Let me just note, with my economist's hat on, that the micro-products program is really distinctive, because it is at the leading edge of an entire new field. This is where the transformational opportunities lie. There are no guarantees, or course, but history suggests it makes a lot more sense to invest in a sector where you can seize leadership than to spend your resources trying to compete in a sector where other communities and regions have a substantial head start. So I think the University is being very astute here, on its own behalf and also for the region.
Second, like all great business enterprises OSU is increasingly setting benchmarks.
In engineering, for example, the University no longer talks about getting better, it says specifically that it is going to be ranked in the top 25 Engineering schools nationally. And there are specific targets every year, for a number of students and research funding and the rest. It's a very detailed plan. Already our Engineering enrollment has soared to 3,000 undergraduates and 500 graduate students. We rank 22nd in the nation for undergraduate enrollment. We've hired many new professors.
Of course, the new Kelley Engineering building is an enormous factor in this undertaking.
It's noteworthy that Oregon State University's engineering graduates have long ranked near the top of the entire nation in their performance on the National Engineering Exam. So the product has always been very, very good. And our Austin Entrepreneurship Program for undergraduates will combine the energies of both Engineering and Business on campus.
This is a 24/7 residential experience for undergraduates to incubate, start up and grow their own businesses.
Another change in how we do our business is the increase in collaborations and mergers and realignments. For instance, OSU faculty and college administrators came up with a plan to merge two colleges into one, creating the College of Health and Human Sciences. So we have been able to reduce overhead and apply it to the core enterprise. And even more importantly, we created opportunities for cross-disciplinary work, and faculty and student interactions, that will have profound impacts.
We also dispersed the Department of Entomology across the campus, engaging entomologists directly into Forestry and Agriculture and Human Health and other disciplines. On a University-wide basis, our capabilities and expertise in Entomology rank near the top for any University in the country.
Collaboration like this will continue to be an emphasis.
Finally, a large part of our future success rests on our strategic planning process.
I'm very fortunate to arrive at OSU after much hard work has been done, as reflected in OSU 2007 and the subsequent draft strategic plan, the University-wide effort to generate thinking and interaction about our future course.
The process engaged many people from campus and beyond. It is a testament to the resiliency and spirit of everyone associated with Oregon State. They did this work - and it's hard work - at a time of significant cuts in programs and staffing, and of great uncertainty. We now have a new draft of the strategic plan I hope you will review.
Strategic planning is something I have some experience with. I tend always to come back, when I think about strategic planning, to Will Rogers, who said, "it's not enough to be headed in the right direction. If you aren't going fast enough, you'll be run over from behind."
It's very clear OSU is headed in the right direction in the classroom, in the admissions office, over the internet with our distance education, in Central Oregon at the Cascades Campus, on the football field, in the Extension offices, and in countless other places.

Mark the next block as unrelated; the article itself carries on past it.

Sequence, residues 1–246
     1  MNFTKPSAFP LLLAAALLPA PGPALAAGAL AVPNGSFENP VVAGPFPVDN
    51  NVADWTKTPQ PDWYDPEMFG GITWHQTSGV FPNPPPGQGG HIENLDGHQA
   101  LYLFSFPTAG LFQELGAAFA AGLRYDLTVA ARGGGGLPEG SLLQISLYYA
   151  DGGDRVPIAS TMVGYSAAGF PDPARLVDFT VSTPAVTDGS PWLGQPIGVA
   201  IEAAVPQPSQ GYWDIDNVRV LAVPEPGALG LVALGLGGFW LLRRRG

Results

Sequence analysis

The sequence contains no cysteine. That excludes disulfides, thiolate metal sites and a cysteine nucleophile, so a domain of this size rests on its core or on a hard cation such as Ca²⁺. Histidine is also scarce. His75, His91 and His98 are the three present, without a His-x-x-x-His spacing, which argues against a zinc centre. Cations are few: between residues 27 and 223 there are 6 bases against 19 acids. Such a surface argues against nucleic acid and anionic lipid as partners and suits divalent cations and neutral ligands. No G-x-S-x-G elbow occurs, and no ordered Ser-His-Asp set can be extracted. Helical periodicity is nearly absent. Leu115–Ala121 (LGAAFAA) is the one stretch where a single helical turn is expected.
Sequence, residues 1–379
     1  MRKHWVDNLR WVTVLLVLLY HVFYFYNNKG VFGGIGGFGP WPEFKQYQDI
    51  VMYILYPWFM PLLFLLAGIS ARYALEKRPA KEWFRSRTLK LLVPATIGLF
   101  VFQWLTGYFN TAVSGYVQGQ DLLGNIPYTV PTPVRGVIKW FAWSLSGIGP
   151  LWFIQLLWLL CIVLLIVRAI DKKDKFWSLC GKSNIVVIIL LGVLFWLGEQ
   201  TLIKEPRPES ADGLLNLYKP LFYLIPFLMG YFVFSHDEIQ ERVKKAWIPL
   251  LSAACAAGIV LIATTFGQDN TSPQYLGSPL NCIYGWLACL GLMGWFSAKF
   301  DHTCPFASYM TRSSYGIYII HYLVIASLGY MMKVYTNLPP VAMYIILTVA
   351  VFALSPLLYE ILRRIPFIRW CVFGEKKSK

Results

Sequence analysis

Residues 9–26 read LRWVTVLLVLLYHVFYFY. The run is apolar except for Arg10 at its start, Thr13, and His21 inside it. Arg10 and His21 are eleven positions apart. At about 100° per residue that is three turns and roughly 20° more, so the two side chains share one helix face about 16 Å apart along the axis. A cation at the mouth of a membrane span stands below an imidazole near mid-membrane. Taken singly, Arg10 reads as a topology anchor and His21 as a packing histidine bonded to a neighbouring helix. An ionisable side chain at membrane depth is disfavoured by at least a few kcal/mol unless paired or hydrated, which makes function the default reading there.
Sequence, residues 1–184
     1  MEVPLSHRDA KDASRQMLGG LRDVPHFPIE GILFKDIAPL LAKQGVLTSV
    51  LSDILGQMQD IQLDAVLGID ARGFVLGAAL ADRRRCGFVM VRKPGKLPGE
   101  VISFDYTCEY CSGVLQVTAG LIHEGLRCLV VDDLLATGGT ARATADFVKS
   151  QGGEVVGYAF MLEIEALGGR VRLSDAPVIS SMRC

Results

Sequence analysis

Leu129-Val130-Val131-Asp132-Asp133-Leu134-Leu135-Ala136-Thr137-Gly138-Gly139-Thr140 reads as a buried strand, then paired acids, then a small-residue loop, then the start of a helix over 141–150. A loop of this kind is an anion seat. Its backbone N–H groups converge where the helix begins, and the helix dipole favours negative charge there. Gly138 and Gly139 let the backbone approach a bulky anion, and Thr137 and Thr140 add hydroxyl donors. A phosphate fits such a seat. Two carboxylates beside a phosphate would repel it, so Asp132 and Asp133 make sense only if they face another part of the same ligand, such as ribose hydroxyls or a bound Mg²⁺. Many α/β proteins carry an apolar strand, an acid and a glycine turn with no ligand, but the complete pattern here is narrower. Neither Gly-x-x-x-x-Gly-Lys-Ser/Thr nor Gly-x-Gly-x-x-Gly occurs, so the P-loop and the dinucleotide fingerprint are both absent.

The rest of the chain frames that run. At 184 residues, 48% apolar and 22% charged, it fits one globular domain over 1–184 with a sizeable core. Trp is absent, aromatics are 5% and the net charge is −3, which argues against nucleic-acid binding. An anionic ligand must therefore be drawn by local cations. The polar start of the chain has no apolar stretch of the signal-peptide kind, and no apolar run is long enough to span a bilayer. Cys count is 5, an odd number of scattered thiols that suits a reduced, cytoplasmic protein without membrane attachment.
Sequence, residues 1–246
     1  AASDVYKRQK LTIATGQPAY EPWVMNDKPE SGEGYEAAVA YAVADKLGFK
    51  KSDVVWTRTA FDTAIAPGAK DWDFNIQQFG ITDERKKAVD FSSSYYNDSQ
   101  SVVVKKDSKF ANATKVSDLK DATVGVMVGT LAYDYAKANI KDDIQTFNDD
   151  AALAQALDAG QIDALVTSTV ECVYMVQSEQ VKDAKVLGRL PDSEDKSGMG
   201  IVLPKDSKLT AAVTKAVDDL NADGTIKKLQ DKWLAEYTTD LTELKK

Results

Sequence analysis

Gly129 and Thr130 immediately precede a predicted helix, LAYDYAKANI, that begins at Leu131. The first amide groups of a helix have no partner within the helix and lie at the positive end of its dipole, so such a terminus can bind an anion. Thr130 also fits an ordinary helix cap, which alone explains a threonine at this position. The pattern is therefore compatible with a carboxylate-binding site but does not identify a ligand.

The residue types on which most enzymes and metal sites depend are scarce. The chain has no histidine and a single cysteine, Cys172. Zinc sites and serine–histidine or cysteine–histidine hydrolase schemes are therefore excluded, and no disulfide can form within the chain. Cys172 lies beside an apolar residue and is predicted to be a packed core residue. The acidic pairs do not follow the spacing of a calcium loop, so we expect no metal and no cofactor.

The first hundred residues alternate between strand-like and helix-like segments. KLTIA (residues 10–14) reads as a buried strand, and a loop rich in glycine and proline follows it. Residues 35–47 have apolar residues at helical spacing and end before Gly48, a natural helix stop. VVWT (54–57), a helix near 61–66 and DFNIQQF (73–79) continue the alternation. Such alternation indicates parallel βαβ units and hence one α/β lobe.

We must serve to make sure we are headed in the right direction with the strategic plan. We've made some tough choices there, and we'll make some more tough choices before we're done.
My job - with help from everyone at OSU and everyone who cares about it -is to make sure we're not run down from behind because we're not moving fast enough!
In my University Day speech to the faculty on September 16th, I challenged all of us to complete our discussions and be ready to adopt a plan by the end of the first term this fall.
This is ambitious. We are going to do it, however.
The plan itself has a primary benchmark: OSU will become one of the top ten public Land Grant Universities in the country. That's the measure of success we've set.
The strategic plan has two attributes that I believe are crucial to the future of OSU as a public Land Grant Research University, and I want to touch on these before closing.
The first is the focus on interdisciplinary themes and enterprises.
We've broken away from the emphasis on isolated discrete improvements to really focus on enterprises of regional and global importance.
This is clearly reflected in the strategic plan. The plan addresses five key areas of endeavor for OSU. The first four of these are:
Achieving this goal will ensure we are providing the men and women who come to OSU - or who reach us from around the world - the kind of quality education that is essential for their future, and the future of our region and Nation.
It requires that we continue to raise Oregon State University's performance in every realm. We can do this. It will take everyone's help. And its purpose is to insure that our graduates, who are our most important contribution to the future, are able to compete against anyone, anywhere in the world.
I would ask you visit our web site and review the draft plan there. We need you input, and we are going to need your leadership and your help in the future.
I believe it is a good plan. It is ambitious. It is going to require that we continue making hard decisions, and that we win new resources and funding. I believe it will be accomplished, because I have seen already the incredible energy and spirit of the faculty, staff and students of OSU, its alumni, and the people who rely on the business of this great Public Research University.